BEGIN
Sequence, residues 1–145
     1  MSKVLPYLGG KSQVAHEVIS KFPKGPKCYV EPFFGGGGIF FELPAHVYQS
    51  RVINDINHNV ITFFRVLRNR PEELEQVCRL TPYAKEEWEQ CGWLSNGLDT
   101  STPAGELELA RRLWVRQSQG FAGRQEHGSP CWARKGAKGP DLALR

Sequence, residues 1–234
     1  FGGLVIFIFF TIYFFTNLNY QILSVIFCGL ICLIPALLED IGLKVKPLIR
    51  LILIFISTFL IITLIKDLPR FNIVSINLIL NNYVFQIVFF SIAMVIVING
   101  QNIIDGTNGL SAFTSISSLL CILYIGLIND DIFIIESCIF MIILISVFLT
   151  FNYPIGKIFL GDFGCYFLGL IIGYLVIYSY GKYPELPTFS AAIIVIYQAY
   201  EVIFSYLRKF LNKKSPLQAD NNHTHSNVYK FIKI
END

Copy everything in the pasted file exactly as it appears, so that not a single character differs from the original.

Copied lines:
Sequence, residues 1–145
     1  MSKVLPYLGG KSQVAHEVIS KFPKGPKCYV EPFFGGGGIF FELPAHVYQS
    51  RVINDINHNV ITFFRVLRNR PEELEQVCRL TPYAKEEWEQ CGWLSNGLDT
   101  STPAGELELA RRLWVRQSQG FAGRQEHGSP CWARKGAKGP DLALR

Sequence, residues 1–234
     1  FGGLVIFIFF TIYFFTNLNY QILSVIFCGL ICLIPALLED IGLKVKPLIR
    51  LILIFISTFL IITLIKDLPR FNIVSINLIL NNYVFQIVFF SIAMVIVING
   101  QNIIDGTNGL SAFTSISSLL CILYIGLIND DIFIIESCIF MIILISVFLT
   151  FNYPIGKIFL GDFGCYFLGL IIGYLVIYSY GKYPELPTFS AAIIVIYQAY
   201  EVIFSYLRKF LNKKSPLQAD NNHTHSNVYK FIKI